Friday, March 18, 2011

Review: Wildwood Dancing (Marillier)

Juliet Marillier
407 p., includes glossary and pronunciation guide
Alfred A. Knopf, 2007

Summary: Five sisters live with their ailing father in an old castle in Romania. Ten years before the start of the story, the girls located a portal into "Other Kingdom," a dangerous and beautiful parallel world full of faeries, vampires, dwarves, and trolls. For the past ten years, the girls have visited Other Kingdom once a month in order to dance in the light of the full moon with the creatures of Other Kingdom. When their father falls ill, the girls--particularly the second-oldest sister, Jena--must learn to run the castle and their father's merchant business on their own. But trouble looms ahead in the form of a childhood friend and neighbor, Cezar. When they were little, Cezar saved Jena from a witch, while his older brother Costi drowned. Haunted by his past actions, Cezar has grown up to be cold and cruel. After the girls' father must leave to seek medical attention, Cezar takes over the girls' home and pursues Jena as his future bride.

What I liked: A unique plot and setting help differentiate Wildwood Dancing from the huge number of  fairy tale romances published today. The five sisters have a strong bond, which reminds me of the sisters in Alcott's Little Women. Jena, the second-oldest sister, is a strong, intelligent female at a time when women from wealthy families were little more than party planners and socialites. The consuming, forbidden romance between eldest sister Tati and mysterious Sorrow is heartbreakingly tragic and beautiful.

What I didn't like: The Romanian character names are difficult to get used to. I wish the glossary and pronunciation guide had been placed before the story, rather than at the end. There is a short note just before the first chapter that refers to a glossary and pronunciation guide at the end. For whatever reason, I did not see the note or the glossary until after I finished the story. Why not just put it in front, where it is less likely to be missed? My efforts to pronounce and re-pronounce character names distracted me from the plot.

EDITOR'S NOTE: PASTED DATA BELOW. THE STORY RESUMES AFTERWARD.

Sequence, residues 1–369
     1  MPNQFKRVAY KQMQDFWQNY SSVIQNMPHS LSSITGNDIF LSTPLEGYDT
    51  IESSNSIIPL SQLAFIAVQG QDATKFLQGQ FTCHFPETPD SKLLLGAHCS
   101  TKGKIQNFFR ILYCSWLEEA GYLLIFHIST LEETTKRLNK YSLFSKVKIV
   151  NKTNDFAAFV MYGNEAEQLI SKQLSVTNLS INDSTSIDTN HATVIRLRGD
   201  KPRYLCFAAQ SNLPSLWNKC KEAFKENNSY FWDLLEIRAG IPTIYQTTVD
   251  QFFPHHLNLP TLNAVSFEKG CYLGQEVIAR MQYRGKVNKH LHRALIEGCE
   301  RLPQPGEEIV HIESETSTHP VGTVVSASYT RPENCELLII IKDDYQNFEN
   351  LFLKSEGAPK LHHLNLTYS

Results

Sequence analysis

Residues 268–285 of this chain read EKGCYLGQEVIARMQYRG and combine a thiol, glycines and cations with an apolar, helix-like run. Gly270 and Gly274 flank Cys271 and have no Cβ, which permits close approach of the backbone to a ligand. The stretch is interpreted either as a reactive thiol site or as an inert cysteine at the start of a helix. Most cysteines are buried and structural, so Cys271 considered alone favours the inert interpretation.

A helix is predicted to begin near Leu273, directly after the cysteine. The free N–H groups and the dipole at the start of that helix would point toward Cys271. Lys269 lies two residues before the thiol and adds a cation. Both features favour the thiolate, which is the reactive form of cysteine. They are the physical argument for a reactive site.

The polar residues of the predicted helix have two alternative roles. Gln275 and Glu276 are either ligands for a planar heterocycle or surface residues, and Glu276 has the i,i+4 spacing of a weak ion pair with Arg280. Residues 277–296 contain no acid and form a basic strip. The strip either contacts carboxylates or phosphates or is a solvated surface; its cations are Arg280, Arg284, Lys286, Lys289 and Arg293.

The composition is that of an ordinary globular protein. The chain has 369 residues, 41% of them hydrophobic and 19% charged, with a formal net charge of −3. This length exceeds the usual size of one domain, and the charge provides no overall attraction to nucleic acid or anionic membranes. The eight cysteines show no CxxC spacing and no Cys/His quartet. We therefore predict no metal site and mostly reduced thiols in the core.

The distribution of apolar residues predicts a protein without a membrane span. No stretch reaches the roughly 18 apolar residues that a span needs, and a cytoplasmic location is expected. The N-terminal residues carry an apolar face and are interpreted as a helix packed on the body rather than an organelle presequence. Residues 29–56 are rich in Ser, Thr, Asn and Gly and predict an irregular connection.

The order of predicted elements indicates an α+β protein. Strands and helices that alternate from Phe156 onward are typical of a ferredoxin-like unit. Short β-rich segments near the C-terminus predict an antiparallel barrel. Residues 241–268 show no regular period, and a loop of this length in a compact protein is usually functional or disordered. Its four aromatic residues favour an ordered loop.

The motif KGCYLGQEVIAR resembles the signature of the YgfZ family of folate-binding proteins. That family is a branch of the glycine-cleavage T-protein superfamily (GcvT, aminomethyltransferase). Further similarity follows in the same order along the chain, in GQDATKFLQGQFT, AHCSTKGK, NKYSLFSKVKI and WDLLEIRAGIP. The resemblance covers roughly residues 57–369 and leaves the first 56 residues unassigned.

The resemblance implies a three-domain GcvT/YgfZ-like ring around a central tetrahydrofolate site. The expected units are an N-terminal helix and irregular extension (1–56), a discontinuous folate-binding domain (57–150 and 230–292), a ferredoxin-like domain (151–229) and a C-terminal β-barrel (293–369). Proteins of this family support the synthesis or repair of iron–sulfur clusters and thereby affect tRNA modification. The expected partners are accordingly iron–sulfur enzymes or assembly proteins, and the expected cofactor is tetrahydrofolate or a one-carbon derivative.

The close relationship between Jena and the frog is not as convincing as that of Tati and Sorrow. The frog (understandably) broods and pouts frequently, and I don't understand why smart, pretty, practical Jena even likes him at all. He is always complaining! Not only does Jena allow him to stick around, the slimy frog sleeps on her pillow and constantly rides around around on her shoulder or in her pocket. The other characters see this simply as "odd" behavior; in the real world, a teenage girl who talks and sleeps with frogs would be diagnosed with a mental disorder and given medication.

That Jena rarely questions the frog about who he really is seems incongruous with her character. Jena's insatiable thirst for knowledge defines her; nearly all her actions support that trait. A talking frog that lives with her is bound to have an interesting story; in the ten years he is with her, why has she not investigated further? It seems ten years should be plenty of time for such a bright girl to figure out who the frog really is. I saw that "twist" coming miles off. 

Language: none
Sexuality: just some mild kissing; one character gets fondled, but it is pretty mild
Violence: a man strikes a woman; farm animals have their throats slit in the night; one violent but confusing scene in the vampire portion of the world

Overall rating: While my opinion of this book is somewhat neutral, some readers are sure to like it more than I did. Other reviews are very strong for this title. Recommended for middle and high school fairy tale and fantasy readers.